Welcome to the Hong Kong History Centre’s quarterly round-up.
We are thrilled to have more colleagues joining our Centre. We’re delighted to be able to welcome Maria Korea to the role of Centre Manager, with a Project Archivist in the Library Special Collections, and Sam Brenton who has joined as Digital Archives Assistant. We’ll be providing a fuller introduction to the archives team in a future issue, together with news about that strand of our work. And more appointments will be being made in the next few months.
On 8 June, we celebrated the launch of our Network of Early Career Scholars on Hong Kong History, with the first meeting held in Bristol. We were well fed with great ideas from inspiring presentations by Patrick Hao (University of Oxford) delving into Sino-British relations and democratization in late colonial Hong Kong; Gary Wong (University of Leeds) introducing how Hong Kong was being exhibited at the British Empire Exhibition in Wembley, London, 1924-1925; and Gray Sergeant (London School of Economics and Political Science) who is investigating the Hong Kong Working Group and the Making of an Anglo-American Misunderstanding, 1957 – 1961. Florence Mok (Nanyang Technological University) zoomed in to share her experiences of developing her doctoral work into a book.
It is always great to meet new friends and exchange ideas. We intend to meet regularly and if you are based in the UK and want to be part of this network, please contact us at firstname.lastname@example.org. The next meeting will be in October.
On 1 September, we are honoured to have Japanese scholars visiting our centre. The team, led by Professor Toru Kurata (Rikkyo University), included Masakazu Matsuoka (Ohtsuki City College), Akiko Kurata (Tokyo University of Foreign Studies), Shingo Kobori (Nagoya University of Foreign Studies), Kota Sasha Oguri (Tokyo University of Foreign Studies), and Airin Yamada (Tokyo University of Foreign Studies), and they shared with us the past, present and future of Hong Kong Studies in Japan. We exchanged fruitful thoughts on the current landscape of the subject, and explored the possibility of future collaborations. We hope to meet and learn from colleagues around the world, and together we thrive the research community.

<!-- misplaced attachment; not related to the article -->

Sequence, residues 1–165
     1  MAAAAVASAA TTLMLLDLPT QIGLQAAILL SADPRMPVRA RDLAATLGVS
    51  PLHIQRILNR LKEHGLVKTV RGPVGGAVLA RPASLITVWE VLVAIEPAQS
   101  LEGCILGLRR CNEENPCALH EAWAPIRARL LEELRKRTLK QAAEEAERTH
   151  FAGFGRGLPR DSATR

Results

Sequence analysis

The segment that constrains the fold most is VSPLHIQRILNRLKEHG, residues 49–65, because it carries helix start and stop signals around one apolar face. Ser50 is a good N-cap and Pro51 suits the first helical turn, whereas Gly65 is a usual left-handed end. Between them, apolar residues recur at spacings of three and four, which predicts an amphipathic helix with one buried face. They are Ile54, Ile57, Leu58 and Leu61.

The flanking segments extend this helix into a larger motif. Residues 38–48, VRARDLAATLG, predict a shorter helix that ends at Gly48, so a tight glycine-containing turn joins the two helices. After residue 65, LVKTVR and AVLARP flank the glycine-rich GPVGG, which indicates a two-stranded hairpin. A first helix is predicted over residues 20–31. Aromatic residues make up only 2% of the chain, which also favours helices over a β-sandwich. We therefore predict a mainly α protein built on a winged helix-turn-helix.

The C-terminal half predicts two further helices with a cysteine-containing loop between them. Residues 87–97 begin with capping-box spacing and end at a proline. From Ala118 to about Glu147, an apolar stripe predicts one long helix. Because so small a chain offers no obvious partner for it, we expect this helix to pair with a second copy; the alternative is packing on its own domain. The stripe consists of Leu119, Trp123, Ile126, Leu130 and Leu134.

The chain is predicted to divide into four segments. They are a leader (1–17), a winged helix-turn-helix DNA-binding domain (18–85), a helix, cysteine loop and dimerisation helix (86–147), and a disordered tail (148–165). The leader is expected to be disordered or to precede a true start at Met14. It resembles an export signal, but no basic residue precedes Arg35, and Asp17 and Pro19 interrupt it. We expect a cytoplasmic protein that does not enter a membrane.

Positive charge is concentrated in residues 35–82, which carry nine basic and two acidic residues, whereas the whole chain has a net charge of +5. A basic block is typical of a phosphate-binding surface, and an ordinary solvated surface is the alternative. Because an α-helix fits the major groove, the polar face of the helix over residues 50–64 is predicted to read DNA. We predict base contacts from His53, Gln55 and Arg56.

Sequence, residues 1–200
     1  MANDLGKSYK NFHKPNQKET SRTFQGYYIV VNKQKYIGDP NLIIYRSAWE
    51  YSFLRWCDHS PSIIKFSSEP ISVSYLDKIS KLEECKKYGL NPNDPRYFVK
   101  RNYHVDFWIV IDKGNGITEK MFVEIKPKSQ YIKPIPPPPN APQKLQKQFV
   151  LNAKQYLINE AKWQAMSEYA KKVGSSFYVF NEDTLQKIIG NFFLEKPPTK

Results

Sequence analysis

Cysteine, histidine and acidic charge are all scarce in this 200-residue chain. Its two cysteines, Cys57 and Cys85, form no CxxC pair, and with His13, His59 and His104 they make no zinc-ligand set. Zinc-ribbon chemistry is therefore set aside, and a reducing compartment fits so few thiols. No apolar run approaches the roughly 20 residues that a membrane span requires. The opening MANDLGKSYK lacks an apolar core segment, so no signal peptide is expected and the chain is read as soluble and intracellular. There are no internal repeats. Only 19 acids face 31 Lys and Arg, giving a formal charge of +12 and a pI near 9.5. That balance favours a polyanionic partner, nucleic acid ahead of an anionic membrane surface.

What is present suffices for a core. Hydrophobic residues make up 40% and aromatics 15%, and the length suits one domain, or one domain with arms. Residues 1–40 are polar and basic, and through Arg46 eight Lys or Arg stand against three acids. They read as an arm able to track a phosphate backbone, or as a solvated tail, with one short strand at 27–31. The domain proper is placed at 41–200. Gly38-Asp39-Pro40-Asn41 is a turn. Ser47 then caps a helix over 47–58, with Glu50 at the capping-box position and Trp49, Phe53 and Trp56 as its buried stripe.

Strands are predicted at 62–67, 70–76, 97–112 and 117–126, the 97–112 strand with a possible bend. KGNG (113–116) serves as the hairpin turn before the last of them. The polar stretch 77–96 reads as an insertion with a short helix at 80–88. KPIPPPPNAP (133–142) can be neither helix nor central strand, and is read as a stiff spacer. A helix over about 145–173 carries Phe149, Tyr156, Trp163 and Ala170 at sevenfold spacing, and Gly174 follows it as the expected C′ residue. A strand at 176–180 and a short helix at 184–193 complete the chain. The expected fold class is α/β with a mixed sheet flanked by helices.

In the same month our directors have started the trip in Hong Kong. On 16 September, our team organized the first Hong Kong History Day. With the help of Society for Hong Kong Studies (SHKS), we co-hosted the event, more than 150 participants showed up. It was a day or reconnection, networking, and most importantly having dialogues and discussion on Hong Kong History. The event featured four panels covering various topics of Hong Kong history: archives building, study of history of art and entertainment, history education and Hong Kong in the 1970s. With lots of great and passionate people concerning and being interested on Hong Kong History and Studies in general, there are rich and diverse things we can still do on Hong Kong.
On 19 September, our directors attended a University of Bristol Hong Kong Alumni reception in the China Club Hong Kong. We were pleased to share the latest exciting updates of the establishment of Bristol’s Hong Kong History Centre, the world’s first research centre focusing on the study of Hong Kong History. This was a great opportunity to catch up with new and old friends in the Bristol family overseas.
On the next day, 20 September, the Centre’s co-director, Vivian Kong had her first book talk for the Royal Asiatic Society Hong Kong at Cafe 8, Roof, Hong Kong Maritime Museum, on her upcoming book Multiracial Britishness: Global Networks in Hong Kong, 1910–45. Asking what does it mean to be British, Vivian provided some reflections through an under-explored site of Britishness – the former British colony of Hong Kong.
We concluded our tour in Hong Kong with a full-house community film screening, co-organized with SHKS. On 24 September, 尚未完場 To Be Continued was screened and followed by a Q&A session with the directors. This evocative documentary is a deep dive into the forgotten legend of Harry Odell, Hong Kong’s first impresario.
We hope to see everyone next year!
We have a lot more happening in this new academic year, so please stay tuned and follow us! If you want to receive information and news from Hong Kong History Centre, please subscribe to our mailing list by filling out the form at the bottom of this page.